I started and finished Catcher In The Rye this past Monday. Somehow, I had made it through my years of schooling without ever having to read that book. A friend who is an English teacher was aghast when she learned I had successfully avoided the novel this long.
Did I like the novel? It wasn't terrible. I can't say I related to Holden Caulfield, but he did remind me of people I know. Despite time, the book somewhat holds up. Had I read this in high school, I probably would have tossed into the same pile as A Separate Peace. I get it, but I found it tedious. I didn't find the characters "likeable." It's hard to not want to smack them upside the head and tell them to sort it out. Of course, not playing by the game is part of the problem for Holden.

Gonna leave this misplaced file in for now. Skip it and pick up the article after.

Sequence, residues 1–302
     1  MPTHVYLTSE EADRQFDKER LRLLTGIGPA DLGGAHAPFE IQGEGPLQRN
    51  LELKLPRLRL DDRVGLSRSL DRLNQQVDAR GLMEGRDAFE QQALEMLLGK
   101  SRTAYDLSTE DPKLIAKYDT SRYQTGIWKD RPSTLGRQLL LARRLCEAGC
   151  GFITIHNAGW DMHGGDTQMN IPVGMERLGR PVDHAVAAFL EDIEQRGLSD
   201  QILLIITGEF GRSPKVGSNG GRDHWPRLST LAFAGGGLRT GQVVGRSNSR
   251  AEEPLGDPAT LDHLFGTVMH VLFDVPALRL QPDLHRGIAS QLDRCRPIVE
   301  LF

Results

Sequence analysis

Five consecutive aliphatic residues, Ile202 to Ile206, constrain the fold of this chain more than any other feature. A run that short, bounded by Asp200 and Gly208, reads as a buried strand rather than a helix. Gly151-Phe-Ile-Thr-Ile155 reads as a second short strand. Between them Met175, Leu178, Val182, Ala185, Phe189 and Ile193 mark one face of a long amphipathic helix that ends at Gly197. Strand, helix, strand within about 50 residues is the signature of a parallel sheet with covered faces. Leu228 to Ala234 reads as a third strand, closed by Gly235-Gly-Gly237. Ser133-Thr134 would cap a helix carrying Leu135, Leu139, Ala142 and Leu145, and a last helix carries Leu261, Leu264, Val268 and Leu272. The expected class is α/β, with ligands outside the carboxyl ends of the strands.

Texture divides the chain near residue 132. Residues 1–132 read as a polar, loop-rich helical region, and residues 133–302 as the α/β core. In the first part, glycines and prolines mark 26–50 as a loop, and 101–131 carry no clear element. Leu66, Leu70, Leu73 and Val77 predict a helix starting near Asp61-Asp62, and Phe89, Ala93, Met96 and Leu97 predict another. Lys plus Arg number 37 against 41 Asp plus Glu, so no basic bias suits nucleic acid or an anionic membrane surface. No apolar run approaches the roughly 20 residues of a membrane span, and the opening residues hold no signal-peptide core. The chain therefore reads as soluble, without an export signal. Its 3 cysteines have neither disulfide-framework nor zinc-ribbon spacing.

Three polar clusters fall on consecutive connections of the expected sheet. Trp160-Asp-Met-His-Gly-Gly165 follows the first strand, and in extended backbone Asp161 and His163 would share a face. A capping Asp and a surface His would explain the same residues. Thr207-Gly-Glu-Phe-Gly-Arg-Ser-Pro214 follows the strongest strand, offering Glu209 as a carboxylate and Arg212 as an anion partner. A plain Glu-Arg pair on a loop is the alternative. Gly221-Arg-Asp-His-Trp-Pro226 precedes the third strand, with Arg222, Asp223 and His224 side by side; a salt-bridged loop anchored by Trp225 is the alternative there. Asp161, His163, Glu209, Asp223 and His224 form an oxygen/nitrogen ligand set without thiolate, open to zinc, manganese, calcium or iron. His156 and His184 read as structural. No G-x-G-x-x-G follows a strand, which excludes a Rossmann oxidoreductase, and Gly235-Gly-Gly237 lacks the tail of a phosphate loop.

Outside the pages, I have friends like this. Everyone does. They were like that in high school, and many haven't changed. It can be frustrating to sit by and not know what to say, or if you should say anything, as you watch a friend continue in manners that are self-defeating, self-destructive, or perhaps merely immature.
Maybe that's why I didn't like "Catcher" so much. I have enough of that in the real world. And maybe I don't like the book because it makes me aware of the fact that people I care about are disappointing to me. I like to think of people in the best light, but it doesn't take away from the fact that we're all flawed. Everyone has to sort things out for themselves, in whatever way they must, but it's hard to sit back and let them do just that.